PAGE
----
Treasuries rose Monday as concern that Europe’s sovereign-debt crisis is far from a resolution pushed demand to a record high at an auction of $32 billion of U.S. three-year notes.
Longer-term U.S. debt gained earlier following two weeks of declines as investors sought refuge after Moody’s Investors Service said it will review ratings for all European Union countries because a summit last week failed to produce “decisive” measures to end the two-year-old crisis. Stocks dropped after a two-week rally.
“They have no place else to invest their money, with the uncertainty of the stock market and with what’s going on in Europe,” said Michael Franzese, managing director and head of Treasury trading at Wunderlich Securities Inc. in New York.
Yields on U.S. 30-year bonds slid five basis points, or 0.05 percentage point, to 3.05 percent at 4:10 p.m. New York time, according to Bloomberg Bond Trader prices. The 3.125 percent securities due in November 2041 rose 1 1/32, or $10.31 per $1,000 face amount, to 101 3/8. The yields climbed eight basis points last week and 11 basis points the week before that.
The yield on the current three-year note slipped one basis point to 0.35 percent. Ten-year note yields declined four basis points to 2.02 percent, compared with the record low of 1.67 percent reached Sept. 23.
The Treasury is selling $78 billion in notes, bonds and inflation-indexed debt this week, and will announce on Thursday how much it will auction next week in three note offerings. It’s due to auction $21 billion of 10-year securities Tuesday, $13 billion in 30-year bonds Wednesday and $12 billion of five-year Treasury Inflation Protected Securities on Thursday.
At Monday’s auction, the bid-to-cover ratio, which gauges demand by comparing total bids with the amount of notes offered, was 3.62, the highest since at least 1993, when the government began releasing the data. It compared with an average of 3.24 for the past 10 sales.
The three-year securities drew a yield of 0.352 percent, versus a forecast of 0.359 percent in a Bloomberg News survey of 10 of the Federal Reserve’s 21 primary dealers, which are obliged to bid at U.S. debt sales. The record low at an auction of the maturities was 0.334 percent, reached in September.
Indirect bidders, an investor class that includes foreign central banks, bought 39.1 percent of the notes, compared with an average of 35.9 percent for the past 10 sales. Direct bidders, non-primary-dealer investors that place their bids directly with the Treasury, purchased 7 percent, versus an average of 12.2 percent at the past 10 auctions.
“It’s an excellent and great start to the auctions for this week and next,” said Ray Remy, head of fixed income in New York at Daiwa Capital Markets America Inc., a primary dealer. “Money seems to be flowing from Europe, out of equities and into Treasuries.”
The Fed purchased $1.38 billion Monday in TIPS maturing from January 2019 to February 2041 as part of its $400 billion ‘Operation Twist’ program to replace shorter maturities with longer-term debt. The plan, announced in September, is an effort to cap borrowing costs. The Federal Open Market Committee holds its December policy meeting Tuesday.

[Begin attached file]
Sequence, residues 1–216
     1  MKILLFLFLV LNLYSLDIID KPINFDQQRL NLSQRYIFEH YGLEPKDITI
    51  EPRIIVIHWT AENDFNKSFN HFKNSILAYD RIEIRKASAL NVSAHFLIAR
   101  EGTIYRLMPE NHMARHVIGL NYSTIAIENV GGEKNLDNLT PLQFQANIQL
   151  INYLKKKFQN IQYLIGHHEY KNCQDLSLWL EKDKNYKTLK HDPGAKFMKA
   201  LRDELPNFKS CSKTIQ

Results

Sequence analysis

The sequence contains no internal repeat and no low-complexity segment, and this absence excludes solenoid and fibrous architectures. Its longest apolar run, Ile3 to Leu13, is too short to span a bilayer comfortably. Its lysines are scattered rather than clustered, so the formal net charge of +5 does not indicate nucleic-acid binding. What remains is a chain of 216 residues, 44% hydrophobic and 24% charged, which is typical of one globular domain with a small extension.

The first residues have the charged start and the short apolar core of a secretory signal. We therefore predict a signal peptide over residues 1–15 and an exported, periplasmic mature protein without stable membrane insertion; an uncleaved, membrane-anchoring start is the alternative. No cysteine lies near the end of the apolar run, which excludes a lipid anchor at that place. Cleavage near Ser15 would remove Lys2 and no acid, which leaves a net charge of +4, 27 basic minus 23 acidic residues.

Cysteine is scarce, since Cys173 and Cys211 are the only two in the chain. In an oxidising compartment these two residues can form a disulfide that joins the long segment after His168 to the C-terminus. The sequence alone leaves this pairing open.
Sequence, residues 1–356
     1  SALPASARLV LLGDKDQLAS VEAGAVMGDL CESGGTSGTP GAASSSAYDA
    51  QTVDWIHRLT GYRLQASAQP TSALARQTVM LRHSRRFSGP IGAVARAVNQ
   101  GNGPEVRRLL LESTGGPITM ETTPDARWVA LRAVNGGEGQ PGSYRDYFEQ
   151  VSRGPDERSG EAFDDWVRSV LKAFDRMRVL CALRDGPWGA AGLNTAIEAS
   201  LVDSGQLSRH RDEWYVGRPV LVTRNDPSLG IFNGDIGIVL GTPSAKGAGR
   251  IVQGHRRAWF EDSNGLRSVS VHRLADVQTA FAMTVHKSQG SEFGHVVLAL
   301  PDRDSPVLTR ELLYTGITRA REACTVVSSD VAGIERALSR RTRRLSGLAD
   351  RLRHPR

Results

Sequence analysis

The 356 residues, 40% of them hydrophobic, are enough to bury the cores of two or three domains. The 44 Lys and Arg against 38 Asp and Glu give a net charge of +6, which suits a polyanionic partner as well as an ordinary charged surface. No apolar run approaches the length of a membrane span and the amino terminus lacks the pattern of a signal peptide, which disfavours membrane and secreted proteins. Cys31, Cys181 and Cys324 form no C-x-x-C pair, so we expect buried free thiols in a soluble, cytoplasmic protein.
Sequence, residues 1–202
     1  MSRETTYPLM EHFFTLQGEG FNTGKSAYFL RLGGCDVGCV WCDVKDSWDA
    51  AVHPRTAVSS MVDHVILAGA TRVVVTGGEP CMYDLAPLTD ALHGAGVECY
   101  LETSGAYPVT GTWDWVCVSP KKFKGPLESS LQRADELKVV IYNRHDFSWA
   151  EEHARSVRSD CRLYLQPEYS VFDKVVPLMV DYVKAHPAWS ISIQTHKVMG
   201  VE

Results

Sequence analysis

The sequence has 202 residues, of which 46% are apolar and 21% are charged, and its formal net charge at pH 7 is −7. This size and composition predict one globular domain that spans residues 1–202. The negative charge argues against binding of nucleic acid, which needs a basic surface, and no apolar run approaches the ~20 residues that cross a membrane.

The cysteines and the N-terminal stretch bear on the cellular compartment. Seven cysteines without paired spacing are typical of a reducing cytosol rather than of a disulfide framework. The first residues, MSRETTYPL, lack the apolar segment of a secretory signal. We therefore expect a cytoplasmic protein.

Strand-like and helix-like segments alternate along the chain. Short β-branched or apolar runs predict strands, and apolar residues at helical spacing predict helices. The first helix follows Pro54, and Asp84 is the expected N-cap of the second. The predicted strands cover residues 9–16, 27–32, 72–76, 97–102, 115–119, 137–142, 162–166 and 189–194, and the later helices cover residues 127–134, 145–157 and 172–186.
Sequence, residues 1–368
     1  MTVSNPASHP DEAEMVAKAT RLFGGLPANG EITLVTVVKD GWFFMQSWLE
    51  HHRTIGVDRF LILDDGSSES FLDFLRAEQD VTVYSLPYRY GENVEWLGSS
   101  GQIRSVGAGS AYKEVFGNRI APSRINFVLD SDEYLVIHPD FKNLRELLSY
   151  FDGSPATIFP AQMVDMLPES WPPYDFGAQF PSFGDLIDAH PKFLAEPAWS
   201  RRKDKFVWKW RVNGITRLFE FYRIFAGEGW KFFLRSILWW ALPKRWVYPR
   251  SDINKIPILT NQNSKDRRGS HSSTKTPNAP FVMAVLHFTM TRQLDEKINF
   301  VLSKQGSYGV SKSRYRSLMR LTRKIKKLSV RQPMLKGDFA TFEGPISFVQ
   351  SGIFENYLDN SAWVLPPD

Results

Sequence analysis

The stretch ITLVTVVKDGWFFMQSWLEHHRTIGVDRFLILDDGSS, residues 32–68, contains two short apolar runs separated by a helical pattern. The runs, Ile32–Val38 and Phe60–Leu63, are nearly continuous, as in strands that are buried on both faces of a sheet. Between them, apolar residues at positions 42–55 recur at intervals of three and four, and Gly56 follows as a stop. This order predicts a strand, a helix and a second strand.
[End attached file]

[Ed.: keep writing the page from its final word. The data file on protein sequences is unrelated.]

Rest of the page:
Volatility in the Treasury market has increased this month. Bank of America Merrill Lynch’s MOVE index, which measures price swings in Treasuries based on prices of over-the-counter options maturing in two to 30 years, rose on Dec. 9 to 100 basis points, the highest level since Dec. 1. The average for 2011 is 94 basis points. The gauge reached a high of 117.8 basis points Aug. 8, three days after Standard & Poor’s cut the U.S. credit rating.
Italian, Spanish Bonds
Treasuries gained earlier as Italian and Spanish sovereign bonds led declines among higher-yielding European sovereign government debt.
The EU summit on the region’s debt crisis last week offered few new measures and doesn’t diminish the risk of credit-ranking revisions, Moody’s Investors Service said.
“In the absence of any decisive policy initiatives that stabilize credit market conditions effectively, our intention a announced in November is to revisit the level and dispersion of ratings during the first quarter of 2012,” Moody’s said in its Weekly Credit Outlook.
Fitch Ratings said today, without taking any action, that the meeting did little to ease pressure on Europe’s sovereign bond ratings.
‘No Real Decisiveness’
“There’s concern that there was no real decisiveness about Europe over the weekend,” said Jason Rogan, director of U.S. government trading at Guggenheim Partners LLC, a New York-based brokerage for institutional investors. “That’s caused selling in peripheral debt, and it’s leading to buying in Treasuries.”
Italian 10-year note yields climbed as much as 43 basis points today to 6.79 percent, the highest level since Dec. 1, before paring losses to 6.54 percent, up 20 basis points, as the ECB was said to buy the nation’s securities. Spanish 10-year yields rose as much as 32 basis points to 6.07 percent, also the highest level since Dec. 1, before slipping to 5.79 percent.
The S&P 500 Index of stocks dropped 1.5 percent.
Monday’s Treasury auction raised $3.2 billion in fresh cash, as more than $28.8 billion of maturing three-year securities are held by the public and the Fed, including $24.4 billion by the public and $4.4 billion by the central bank, according to Treasury data.
Three-year notes have returned 3.4 percent this year, compared with a gain of 8.9 percent for Treasuries overall, according to Bank of America Merrill Lynch indexes.
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